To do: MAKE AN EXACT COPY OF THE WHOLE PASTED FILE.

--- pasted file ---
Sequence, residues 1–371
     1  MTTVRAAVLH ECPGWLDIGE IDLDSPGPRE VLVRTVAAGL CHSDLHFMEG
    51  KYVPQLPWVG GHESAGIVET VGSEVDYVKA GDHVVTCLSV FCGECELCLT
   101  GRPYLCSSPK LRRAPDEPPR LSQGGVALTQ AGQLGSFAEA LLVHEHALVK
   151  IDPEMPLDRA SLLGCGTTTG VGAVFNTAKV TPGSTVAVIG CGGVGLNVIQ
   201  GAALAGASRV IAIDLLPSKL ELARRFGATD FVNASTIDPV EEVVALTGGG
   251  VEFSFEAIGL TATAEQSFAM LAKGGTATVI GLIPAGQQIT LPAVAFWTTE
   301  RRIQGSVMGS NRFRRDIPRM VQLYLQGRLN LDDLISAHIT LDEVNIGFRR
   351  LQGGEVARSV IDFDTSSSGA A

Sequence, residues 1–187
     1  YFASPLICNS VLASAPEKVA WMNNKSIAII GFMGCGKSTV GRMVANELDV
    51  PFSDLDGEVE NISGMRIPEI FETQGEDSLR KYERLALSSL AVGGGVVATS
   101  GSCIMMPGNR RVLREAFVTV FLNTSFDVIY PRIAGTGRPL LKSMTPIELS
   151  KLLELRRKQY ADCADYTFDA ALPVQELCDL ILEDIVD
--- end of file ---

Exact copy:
Sequence, residues 1–371
     1  MTTVRAAVLH ECPGWLDIGE IDLDSPGPRE VLVRTVAAGL CHSDLHFMEG
    51  KYVPQLPWVG GHESAGIVET VGSEVDYVKA GDHVVTCLSV FCGECELCLT
   101  GRPYLCSSPK LRRAPDEPPR LSQGGVALTQ AGQLGSFAEA LLVHEHALVK
   151  IDPEMPLDRA SLLGCGTTTG VGAVFNTAKV TPGSTVAVIG CGGVGLNVIQ
   201  GAALAGASRV IAIDLLPSKL ELARRFGATD FVNASTIDPV EEVVALTGGG
   251  VEFSFEAIGL TATAEQSFAM LAKGGTATVI GLIPAGQQIT LPAVAFWTTE
   301  RRIQGSVMGS NRFRRDIPRM VQLYLQGRLN LDDLISAHIT LDEVNIGFRR
   351  LQGGEVARSV IDFDTSSSGA A

Sequence, residues 1–187
     1  YFASPLICNS VLASAPEKVA WMNNKSIAII GFMGCGKSTV GRMVANELDV
    51  PFSDLDGEVE NISGMRIPEI FETQGEDSLR KYERLALSSL AVGGGVVATS
   101  GSCIMMPGNR RVLREAFVTV FLNTSFDVIY PRIAGTGRPL LKSMTPIELS
   151  KLLELRRKQY ADCADYTFDA ALPVQELCDL ILEDIVD